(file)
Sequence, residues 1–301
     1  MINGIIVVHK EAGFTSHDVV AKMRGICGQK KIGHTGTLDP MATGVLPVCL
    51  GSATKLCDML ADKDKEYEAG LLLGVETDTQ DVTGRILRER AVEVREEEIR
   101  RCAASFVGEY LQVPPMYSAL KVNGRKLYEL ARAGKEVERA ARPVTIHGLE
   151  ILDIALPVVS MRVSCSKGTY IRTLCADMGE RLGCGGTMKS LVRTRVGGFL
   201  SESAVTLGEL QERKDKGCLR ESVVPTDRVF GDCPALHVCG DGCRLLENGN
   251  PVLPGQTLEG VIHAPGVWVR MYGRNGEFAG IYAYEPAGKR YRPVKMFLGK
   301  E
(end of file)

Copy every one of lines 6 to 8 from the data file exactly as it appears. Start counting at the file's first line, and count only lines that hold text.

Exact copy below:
   201  SESAVTLGEL QERKDKGCLR ESVVPTDRVF GDCPALHVCG DGCRLLENGN
   251  PVLPGQTLEG VIHAPGVWVR MYGRNGEFAG IYAYEPAGKR YRPVKMFLGK
   301  E